Bernardo Aparicio writes:
Hope you’re doing well. I just wanted to let you know that there’s a new DT available online, and we’ve posted a lot of the content online for free because it really deserves to be shared.
First, we just published an interview with Ron Hansen, who is both one of the most admired American novelists writing today AND a Catholic deacon. The interview has some very interesting thoughts on being a Catholic and a writer, and even some practical advice for aspiring authors.
The second piece is an essay that is ostensibly on form in poetry, but is really a terrific diagnosis of the post-modern condition we live in. Here’s a little excerpt:
In Walker Percy’s novel, The Moviegoer, existential searcher Binx Bolling speculates that “romanticism” and “1930’s science” killed his father. He asks himself, “Does a scientifically minded person become a romantic because he is leftover from his own science?” Quantification is the key to the modern physical sciences. We are subordinate to it in the scientific method and in everyday life far more than we are to “empirical observation”—that phrase with which the supposed rationalist among us flatters himself. We do not believe in what we see or experience; we believe in what others can count and calculate, so much so that we readily dismiss our own experiences, if they seem to conflict with some publicly established measurement. And so, though nearly all of us have turned the reins of health and history over to the powers of the numeric, we nearly all feel something “leftover” that cannot be entirely dismissed, but which cannot be counted either, and therefore seems not to count as real. The leftover is us.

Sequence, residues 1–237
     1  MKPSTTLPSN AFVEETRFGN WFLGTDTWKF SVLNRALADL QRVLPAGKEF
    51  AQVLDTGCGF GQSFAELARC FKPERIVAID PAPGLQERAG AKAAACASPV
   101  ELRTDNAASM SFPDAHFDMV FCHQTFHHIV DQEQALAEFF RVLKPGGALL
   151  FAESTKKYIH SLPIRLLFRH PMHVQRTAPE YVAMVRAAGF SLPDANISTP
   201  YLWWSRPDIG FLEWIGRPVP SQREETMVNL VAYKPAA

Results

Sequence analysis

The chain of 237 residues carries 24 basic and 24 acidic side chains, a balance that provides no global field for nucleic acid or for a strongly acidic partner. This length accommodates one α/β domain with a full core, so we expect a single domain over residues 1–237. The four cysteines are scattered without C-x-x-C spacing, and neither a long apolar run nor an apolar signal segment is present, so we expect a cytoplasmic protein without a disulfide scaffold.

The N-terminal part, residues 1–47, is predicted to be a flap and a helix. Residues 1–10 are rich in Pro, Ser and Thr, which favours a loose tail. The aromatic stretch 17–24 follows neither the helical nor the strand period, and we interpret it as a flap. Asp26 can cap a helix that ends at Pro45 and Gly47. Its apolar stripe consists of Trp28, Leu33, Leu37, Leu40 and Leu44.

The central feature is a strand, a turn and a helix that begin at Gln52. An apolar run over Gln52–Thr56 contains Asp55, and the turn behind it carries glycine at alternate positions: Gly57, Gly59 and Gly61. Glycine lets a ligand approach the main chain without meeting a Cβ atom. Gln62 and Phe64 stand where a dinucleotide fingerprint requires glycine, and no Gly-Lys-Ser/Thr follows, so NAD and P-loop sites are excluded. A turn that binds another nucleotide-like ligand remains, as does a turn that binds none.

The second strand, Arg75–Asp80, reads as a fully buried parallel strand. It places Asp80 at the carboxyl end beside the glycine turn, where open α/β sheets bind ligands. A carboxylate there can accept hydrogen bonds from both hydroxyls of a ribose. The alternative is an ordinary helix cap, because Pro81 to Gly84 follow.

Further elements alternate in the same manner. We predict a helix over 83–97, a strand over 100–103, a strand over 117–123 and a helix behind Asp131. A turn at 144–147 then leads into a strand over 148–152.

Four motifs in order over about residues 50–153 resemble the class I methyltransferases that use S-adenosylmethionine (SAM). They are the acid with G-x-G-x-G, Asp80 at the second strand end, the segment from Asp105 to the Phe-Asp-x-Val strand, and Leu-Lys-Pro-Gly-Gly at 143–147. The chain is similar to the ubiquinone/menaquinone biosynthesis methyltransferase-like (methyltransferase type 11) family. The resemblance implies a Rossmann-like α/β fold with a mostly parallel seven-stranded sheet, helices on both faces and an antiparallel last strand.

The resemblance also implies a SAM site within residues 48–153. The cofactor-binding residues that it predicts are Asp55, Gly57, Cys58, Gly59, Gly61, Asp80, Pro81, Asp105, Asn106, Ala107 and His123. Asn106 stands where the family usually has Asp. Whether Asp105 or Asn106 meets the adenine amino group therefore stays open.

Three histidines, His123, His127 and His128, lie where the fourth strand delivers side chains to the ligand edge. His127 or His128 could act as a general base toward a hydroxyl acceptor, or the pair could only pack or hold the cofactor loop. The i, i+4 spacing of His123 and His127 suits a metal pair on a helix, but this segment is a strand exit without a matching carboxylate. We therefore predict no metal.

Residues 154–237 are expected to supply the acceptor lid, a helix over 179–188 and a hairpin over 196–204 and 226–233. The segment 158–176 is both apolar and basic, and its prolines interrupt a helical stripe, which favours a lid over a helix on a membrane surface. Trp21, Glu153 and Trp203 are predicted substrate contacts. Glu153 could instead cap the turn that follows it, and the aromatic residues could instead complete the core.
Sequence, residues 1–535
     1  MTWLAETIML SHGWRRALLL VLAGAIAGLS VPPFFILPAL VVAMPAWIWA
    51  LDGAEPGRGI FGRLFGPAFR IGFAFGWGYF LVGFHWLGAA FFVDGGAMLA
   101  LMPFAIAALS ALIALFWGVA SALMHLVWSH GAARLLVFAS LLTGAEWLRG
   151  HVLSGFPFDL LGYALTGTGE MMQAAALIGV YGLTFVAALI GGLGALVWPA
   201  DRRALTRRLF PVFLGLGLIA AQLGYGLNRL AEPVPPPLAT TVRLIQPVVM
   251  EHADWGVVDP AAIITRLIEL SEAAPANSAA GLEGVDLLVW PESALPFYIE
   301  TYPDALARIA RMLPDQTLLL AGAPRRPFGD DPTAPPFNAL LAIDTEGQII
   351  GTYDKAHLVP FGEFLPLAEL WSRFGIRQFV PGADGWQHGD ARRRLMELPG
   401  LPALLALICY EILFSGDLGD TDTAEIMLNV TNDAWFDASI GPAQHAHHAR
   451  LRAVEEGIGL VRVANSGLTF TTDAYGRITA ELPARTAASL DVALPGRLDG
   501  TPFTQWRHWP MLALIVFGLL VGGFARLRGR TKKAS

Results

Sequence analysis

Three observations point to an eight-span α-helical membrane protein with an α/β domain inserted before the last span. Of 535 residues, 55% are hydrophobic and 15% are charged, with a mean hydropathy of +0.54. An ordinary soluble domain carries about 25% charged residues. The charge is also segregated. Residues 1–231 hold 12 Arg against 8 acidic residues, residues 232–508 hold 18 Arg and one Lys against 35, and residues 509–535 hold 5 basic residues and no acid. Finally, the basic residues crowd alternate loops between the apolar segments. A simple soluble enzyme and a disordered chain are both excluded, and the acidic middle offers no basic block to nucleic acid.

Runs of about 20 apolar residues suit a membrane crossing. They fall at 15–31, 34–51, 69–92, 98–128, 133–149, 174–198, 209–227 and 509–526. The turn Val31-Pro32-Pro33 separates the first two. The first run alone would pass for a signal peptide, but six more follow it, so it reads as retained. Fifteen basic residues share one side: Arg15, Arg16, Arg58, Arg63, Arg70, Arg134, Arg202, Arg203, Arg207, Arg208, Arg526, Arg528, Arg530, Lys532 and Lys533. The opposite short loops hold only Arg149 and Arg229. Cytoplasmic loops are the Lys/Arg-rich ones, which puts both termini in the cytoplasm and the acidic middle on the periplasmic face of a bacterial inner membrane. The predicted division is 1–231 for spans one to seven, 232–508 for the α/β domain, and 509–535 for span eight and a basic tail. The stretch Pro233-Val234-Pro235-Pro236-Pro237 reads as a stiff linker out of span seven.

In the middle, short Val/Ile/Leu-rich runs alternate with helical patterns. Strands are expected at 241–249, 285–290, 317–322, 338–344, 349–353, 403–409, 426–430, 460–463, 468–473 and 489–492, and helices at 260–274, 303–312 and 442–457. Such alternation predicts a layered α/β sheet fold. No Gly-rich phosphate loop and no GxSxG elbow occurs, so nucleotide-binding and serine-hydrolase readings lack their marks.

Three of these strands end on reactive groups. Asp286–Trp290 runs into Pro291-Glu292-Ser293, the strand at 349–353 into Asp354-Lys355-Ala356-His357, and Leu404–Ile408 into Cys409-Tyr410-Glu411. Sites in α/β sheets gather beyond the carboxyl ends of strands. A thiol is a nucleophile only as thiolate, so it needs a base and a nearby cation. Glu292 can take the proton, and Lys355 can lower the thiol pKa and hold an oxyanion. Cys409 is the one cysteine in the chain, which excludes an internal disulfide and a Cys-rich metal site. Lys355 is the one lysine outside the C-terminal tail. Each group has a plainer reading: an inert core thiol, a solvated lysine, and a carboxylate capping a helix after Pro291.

Like those ancients prey to the Pythagorean temptation, most of us only accept the numeric as real; and, while our world of quantity may overwhelm, it does not satisfy either intellect or will. The typical fallout of this unhappy circumstance is for one to turn “romantic,” that is, to elect for a conception of the beautiful or the “poetic,” as light without form, love without reason, being without quantity. If the quotidian world must be a quantified world, then we want our art to be a refuge of inarticulate unity, of light and color without matter. Our view of the arts is romantic, even when it lacks the divinization of imagination and emotion typical of the romantics of the Nineteenth Century.Finally, I want to point out to you a fiction piece and a poem that maybe would be of interest. The first piece is historical fiction, looking at the story of St. Robert Southwell, SJ through the eyes of his close, real-life friend Fr. John Deckers, SJ. It has themes relevant to our historical situation today given his martyrdom for the cause of the faith in England, and it might interest people all the more now that we have a Jesuit pope.
Finally, for the Easter season, we have a remarkable poem called “How to Rise From the Dead.” Have you ever encountered a “mirror sonnet”? If not, check it out. The effect of the form is tremendous given the subject matter.
President, Dappled Things
Check thou it out!